Wofford’s drive following the Robinson touchdown reached The Citadel 34 before the Bulldogs held and took over at their own 9 following a punt. Dupree was the star of the show as The Citadel marched 91 yards to another touchdown, completing an 18-yard pass to Jones and adding a 24-yard run to move the ball into Terrier territory.

A 15-yard run by the junior quarterback got the Bulldogs to the eight, and VanDyke Jones capped 91-yard drive with a five-yard run that made it 24-21 with six seconds expired in the fourth quarter.

The Citadel held Wofford to only 38 yards and forced punts on three straight possessions. But the Terrier defense proved just as tough, with a pair of Cass Couey punts preceding the final drive that stalled at The Citadel 36.

Wofford rushed for 283 yards, 125 below its season average, and had 326 yards of total offense, almost 140 shy of its mark coming into the game. The Citadel limited the Terriers to 89 rushing yards and 110 in total offense while shutting them out over the final 30 minutes.

Breitenstein, who entered the game ranked third in the nation with an average of 159.7 yards per game, was held to 110 yards and an average of only 4.8 per carry by the Bulldog defense. He did score a pair of touchdowns, however, including an eight-yard run that knotted the score at 7 following the Dupree-to-Jones 26-yard touchdown on The Citadel’s first drive of the game.

Jones finished the game with four receptions for 58 yards. Freshman reserve wide receiver Brandon Eakins had his first career catch, a 13-yard grab on The Citadel’s opening scoring drive.

A 13-yard touchdown run by Will Gay gave Wofford its first lead with 1:53 left in the first quarter, and it remained a seven-point game when Citadel kicker Thomas Warren pushed a 40-yard field goal attempt off to the left.

Breitenstein added his second score on a four-yard run at the 57 second mark of the second quarter to make it 21-7, and Bay Amrhein fumbled a short kickoff to give Wofford the ball right back at the Bulldog 37. A 13-yard pass from Brian Kass to Will Irwin put the Terriers in field goal range, and Redfern made the fumble costly when his 42-yard try just snuck over the crossbar.

Chris Billingslea followed Riley with nine tackles and Carson Smith finished with seven. Stephon Shelton, Blake Wylie and James Zotto paced Wofford with six stops each.

The Citadel returns to Johnson Hagood Stadium for its annual Homecoming contest next Saturday against Elon. Kickoff for the final home game of the season is at 2 p.m. Wofford is at Samford for a 3 p.m. contest.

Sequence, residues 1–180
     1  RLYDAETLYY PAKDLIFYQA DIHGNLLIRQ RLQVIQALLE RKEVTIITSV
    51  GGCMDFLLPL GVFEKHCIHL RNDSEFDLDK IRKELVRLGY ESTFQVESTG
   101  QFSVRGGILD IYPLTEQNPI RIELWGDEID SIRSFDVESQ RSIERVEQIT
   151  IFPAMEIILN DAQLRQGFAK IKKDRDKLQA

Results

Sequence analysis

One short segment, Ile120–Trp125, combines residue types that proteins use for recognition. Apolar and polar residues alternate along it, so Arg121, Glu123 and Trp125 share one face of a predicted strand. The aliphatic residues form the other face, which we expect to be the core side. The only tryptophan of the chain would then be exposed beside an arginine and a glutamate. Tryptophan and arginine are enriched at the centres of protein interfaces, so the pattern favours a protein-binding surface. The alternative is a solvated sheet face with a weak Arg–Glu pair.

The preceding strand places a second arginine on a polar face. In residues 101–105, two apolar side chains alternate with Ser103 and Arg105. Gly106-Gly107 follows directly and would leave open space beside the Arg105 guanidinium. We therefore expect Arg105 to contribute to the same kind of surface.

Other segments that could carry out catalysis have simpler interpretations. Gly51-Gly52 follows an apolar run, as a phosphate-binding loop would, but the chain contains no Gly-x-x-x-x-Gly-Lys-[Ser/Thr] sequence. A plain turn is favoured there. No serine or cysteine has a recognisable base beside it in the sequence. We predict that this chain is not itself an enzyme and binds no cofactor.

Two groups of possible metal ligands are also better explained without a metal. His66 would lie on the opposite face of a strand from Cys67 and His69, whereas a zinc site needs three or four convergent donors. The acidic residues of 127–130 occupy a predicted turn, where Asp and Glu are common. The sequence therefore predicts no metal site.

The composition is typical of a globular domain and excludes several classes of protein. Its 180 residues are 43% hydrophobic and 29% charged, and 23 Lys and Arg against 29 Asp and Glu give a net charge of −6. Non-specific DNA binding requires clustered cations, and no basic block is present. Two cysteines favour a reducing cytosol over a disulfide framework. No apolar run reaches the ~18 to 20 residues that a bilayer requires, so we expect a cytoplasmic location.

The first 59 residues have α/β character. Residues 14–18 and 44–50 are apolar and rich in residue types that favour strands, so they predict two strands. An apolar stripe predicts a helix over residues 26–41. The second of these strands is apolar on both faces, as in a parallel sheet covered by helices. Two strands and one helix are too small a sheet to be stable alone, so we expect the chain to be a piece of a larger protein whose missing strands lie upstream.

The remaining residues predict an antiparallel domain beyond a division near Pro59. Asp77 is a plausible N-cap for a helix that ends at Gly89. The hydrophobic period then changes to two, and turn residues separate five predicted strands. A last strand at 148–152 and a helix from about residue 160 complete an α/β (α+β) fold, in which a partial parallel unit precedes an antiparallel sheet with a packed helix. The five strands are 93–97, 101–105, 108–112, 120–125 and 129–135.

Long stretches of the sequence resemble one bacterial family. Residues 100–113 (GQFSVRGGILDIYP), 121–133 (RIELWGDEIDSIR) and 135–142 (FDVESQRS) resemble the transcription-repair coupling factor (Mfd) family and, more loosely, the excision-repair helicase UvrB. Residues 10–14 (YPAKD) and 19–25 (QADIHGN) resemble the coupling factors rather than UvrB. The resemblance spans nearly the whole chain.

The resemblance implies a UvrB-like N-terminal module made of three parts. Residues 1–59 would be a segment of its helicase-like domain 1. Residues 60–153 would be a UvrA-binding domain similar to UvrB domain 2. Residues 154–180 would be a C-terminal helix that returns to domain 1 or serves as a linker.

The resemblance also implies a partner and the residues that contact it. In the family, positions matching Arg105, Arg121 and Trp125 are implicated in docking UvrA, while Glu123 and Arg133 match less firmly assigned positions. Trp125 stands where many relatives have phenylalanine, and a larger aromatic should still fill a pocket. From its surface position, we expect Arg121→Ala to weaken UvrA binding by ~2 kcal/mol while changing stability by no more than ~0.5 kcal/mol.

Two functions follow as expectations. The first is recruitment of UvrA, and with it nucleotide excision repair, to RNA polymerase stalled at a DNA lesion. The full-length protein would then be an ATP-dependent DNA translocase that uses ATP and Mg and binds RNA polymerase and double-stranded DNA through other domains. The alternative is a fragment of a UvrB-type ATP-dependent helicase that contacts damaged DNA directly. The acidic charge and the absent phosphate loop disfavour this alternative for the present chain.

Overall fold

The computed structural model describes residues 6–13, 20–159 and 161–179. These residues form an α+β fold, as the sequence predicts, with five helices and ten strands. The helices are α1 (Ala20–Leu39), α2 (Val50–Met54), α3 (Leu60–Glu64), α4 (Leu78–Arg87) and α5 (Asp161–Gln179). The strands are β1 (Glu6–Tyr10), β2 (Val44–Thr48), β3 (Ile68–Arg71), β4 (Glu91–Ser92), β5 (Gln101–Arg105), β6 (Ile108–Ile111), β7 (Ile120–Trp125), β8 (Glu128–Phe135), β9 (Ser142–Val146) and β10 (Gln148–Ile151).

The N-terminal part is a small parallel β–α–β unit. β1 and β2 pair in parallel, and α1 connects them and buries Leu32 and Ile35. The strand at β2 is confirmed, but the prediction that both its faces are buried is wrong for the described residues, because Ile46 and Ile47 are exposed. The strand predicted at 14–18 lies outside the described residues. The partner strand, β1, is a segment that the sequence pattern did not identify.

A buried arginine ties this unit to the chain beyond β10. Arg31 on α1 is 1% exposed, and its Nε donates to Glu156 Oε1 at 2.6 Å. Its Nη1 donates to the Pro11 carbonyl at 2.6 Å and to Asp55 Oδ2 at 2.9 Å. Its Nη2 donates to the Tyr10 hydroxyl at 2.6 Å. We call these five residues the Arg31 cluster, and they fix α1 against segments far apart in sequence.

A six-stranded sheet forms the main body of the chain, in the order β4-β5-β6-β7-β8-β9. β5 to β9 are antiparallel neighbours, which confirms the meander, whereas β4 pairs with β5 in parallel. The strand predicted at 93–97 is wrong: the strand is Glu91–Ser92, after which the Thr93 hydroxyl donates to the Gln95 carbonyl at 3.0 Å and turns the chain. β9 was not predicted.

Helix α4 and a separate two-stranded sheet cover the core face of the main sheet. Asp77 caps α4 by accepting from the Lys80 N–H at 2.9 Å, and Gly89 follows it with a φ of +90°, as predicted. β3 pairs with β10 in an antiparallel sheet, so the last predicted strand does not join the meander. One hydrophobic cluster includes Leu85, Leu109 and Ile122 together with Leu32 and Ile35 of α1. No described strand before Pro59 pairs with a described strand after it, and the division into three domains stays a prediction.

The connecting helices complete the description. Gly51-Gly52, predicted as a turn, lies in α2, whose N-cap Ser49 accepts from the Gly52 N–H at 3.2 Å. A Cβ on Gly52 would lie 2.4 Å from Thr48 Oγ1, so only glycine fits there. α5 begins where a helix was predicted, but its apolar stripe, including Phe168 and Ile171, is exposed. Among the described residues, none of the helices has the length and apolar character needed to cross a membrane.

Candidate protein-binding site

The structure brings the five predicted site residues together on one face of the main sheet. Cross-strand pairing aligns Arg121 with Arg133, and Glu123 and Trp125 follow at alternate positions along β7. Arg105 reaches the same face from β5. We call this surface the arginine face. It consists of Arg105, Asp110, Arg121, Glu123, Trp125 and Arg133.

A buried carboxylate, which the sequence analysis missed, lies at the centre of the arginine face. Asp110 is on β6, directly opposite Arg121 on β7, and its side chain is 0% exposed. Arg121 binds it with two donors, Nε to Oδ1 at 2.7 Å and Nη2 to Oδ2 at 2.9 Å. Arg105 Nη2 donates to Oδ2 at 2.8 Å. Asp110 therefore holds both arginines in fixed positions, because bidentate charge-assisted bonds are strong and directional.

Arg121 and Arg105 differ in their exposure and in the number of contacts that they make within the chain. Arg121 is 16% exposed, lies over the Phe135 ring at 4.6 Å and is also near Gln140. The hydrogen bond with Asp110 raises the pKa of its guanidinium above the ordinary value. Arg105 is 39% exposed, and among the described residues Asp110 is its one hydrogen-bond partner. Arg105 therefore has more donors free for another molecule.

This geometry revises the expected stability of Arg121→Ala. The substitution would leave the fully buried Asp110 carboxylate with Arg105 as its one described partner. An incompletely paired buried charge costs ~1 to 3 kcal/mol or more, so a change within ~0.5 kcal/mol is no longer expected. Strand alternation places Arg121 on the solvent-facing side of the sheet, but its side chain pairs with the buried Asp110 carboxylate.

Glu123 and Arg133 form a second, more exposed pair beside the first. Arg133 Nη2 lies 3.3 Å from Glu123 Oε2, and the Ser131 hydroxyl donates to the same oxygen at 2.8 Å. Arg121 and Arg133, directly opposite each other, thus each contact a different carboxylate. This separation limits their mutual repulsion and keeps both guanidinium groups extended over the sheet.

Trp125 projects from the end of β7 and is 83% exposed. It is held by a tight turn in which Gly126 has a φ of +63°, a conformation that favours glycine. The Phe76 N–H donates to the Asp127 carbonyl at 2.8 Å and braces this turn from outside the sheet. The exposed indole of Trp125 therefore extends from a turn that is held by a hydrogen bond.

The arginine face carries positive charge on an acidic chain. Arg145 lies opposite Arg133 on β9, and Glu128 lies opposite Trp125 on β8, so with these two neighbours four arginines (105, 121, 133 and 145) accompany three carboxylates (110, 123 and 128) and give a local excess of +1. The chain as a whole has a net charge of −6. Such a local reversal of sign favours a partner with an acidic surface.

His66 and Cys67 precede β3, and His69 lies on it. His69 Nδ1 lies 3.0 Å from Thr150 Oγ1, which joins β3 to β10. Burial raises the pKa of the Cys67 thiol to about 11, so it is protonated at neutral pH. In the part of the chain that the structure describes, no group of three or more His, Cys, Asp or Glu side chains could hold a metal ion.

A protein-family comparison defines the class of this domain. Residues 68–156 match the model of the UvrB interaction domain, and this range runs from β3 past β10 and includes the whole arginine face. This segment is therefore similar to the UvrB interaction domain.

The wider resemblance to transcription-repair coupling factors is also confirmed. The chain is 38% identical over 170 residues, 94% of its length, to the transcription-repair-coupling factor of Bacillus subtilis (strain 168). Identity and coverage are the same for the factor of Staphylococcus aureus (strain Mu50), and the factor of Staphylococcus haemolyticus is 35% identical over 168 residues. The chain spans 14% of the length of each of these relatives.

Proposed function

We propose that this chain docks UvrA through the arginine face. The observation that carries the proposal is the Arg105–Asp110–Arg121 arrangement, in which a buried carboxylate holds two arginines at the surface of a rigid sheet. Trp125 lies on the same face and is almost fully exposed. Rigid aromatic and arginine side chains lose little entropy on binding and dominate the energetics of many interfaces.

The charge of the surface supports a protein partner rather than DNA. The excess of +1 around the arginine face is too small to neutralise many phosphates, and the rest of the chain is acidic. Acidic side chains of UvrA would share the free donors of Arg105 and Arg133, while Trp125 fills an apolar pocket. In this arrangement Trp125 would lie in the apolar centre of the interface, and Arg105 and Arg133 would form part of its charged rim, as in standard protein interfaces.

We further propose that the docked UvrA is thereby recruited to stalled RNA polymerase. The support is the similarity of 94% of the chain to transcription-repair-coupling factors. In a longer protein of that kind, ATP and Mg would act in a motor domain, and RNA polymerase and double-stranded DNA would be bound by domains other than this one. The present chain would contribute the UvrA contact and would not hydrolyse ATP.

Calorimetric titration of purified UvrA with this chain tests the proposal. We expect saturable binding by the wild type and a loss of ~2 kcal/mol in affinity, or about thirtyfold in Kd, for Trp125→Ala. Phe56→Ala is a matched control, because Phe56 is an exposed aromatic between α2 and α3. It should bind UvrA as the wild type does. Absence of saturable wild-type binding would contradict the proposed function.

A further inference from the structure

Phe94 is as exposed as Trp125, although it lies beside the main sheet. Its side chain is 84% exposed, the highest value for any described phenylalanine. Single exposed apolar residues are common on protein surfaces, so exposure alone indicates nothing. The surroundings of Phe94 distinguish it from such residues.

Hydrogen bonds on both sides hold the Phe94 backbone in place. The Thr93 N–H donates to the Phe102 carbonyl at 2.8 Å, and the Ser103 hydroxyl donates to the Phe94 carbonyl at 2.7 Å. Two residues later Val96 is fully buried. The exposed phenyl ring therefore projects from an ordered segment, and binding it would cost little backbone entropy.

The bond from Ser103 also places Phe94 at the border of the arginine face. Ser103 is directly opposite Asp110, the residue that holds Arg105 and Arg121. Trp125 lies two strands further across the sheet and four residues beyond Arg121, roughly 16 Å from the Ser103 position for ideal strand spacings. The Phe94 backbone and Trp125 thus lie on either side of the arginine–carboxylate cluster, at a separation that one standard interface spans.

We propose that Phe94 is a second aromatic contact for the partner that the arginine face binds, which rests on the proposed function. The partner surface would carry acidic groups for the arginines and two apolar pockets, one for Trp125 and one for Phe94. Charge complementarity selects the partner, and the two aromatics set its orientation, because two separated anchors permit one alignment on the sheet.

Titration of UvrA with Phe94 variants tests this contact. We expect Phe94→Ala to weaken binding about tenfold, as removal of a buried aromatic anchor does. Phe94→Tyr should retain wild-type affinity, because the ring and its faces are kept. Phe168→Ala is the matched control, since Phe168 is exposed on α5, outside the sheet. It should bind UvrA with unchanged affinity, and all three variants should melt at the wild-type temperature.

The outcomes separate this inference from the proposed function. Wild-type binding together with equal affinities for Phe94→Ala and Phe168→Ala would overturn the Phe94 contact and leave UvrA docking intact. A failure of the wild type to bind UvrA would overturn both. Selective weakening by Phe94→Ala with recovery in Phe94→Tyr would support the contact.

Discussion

The Citadel’s new Canteen has some tasty deals

October 29, 2012

Finally, some good new from campus

Posted by Libby ConwellThe Charleston City Paper : Friday, Oct 26, 2012 at 2:48 PM

It’s not often you can go out to lunch for $10, but at The Citadel’s new dining hall, you can treat yourself and a friend to lunch for just that.

The Canteen has been the military university’s cafeteria alternative since the 1980s. Coated in a dated powder blue, the old Canteen’s tiled floors and narrow, semi-padded booths made the old snack bar feel like a 1985 McDonald’s.

 

Before
  • Before

 Wanting to revamp the dining hall, The Citadel began renovations last May and focused on warm, welcoming colors and opting for much more subtle Citadel paraphernalia. Designed by the Citadel’s resident architect, John Gardner, the new Canteen is brighter with more windows and updated lighting, while new cabinetry gives more wheelchair accessibility. The place has been upfit with new tech like flat-screen TVs for sports, free WiFi, and Sirius radio (playing “Call Me Maybe” while I was there, for the record). Many of the staff have held through the transition, including Mrs. Burt, who has been working at the Citadel dining hall for over 30 years.

 

After
  • After

 The Canteen is open to the public for breakfast and lunch on weekdays from 7 a.m. to 4 p.m, with the morning meal ending at 10:30.

For breakfast, combo and a la carte options abound. The Canteen Breakfast special serves up two eggs, grits, bacon or sausage, and toast or a biscuit, all for a affordable $4.25. A real steal on Wednesdays, get a stack of two pancakes and sausage for just $2.79. Complement any meal with fruit for 60 cents or a cheese omelet for $1.99. At the self-serve coffee bar you can choose from your standard cup o’ joe including flavor options, as well as cappuccinos, tea and hot chocolate. Compared to the exorbitant markups of most coffee joints, a large at The Canteen will run you just under $2.